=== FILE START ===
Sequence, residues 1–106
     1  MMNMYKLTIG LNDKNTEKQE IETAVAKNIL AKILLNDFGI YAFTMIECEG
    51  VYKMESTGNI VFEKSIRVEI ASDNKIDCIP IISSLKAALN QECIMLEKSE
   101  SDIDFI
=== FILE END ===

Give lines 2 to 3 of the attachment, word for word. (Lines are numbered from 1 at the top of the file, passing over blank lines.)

     1  MMNMYKLTIG LNDKNTEKQE IETAVAKNIL AKILLNDFGI YAFTMIECEG
    51  VYKMESTGNI VFEKSIRVEI ASDNKIDCIP IISSLKAALN QECIMLEKSE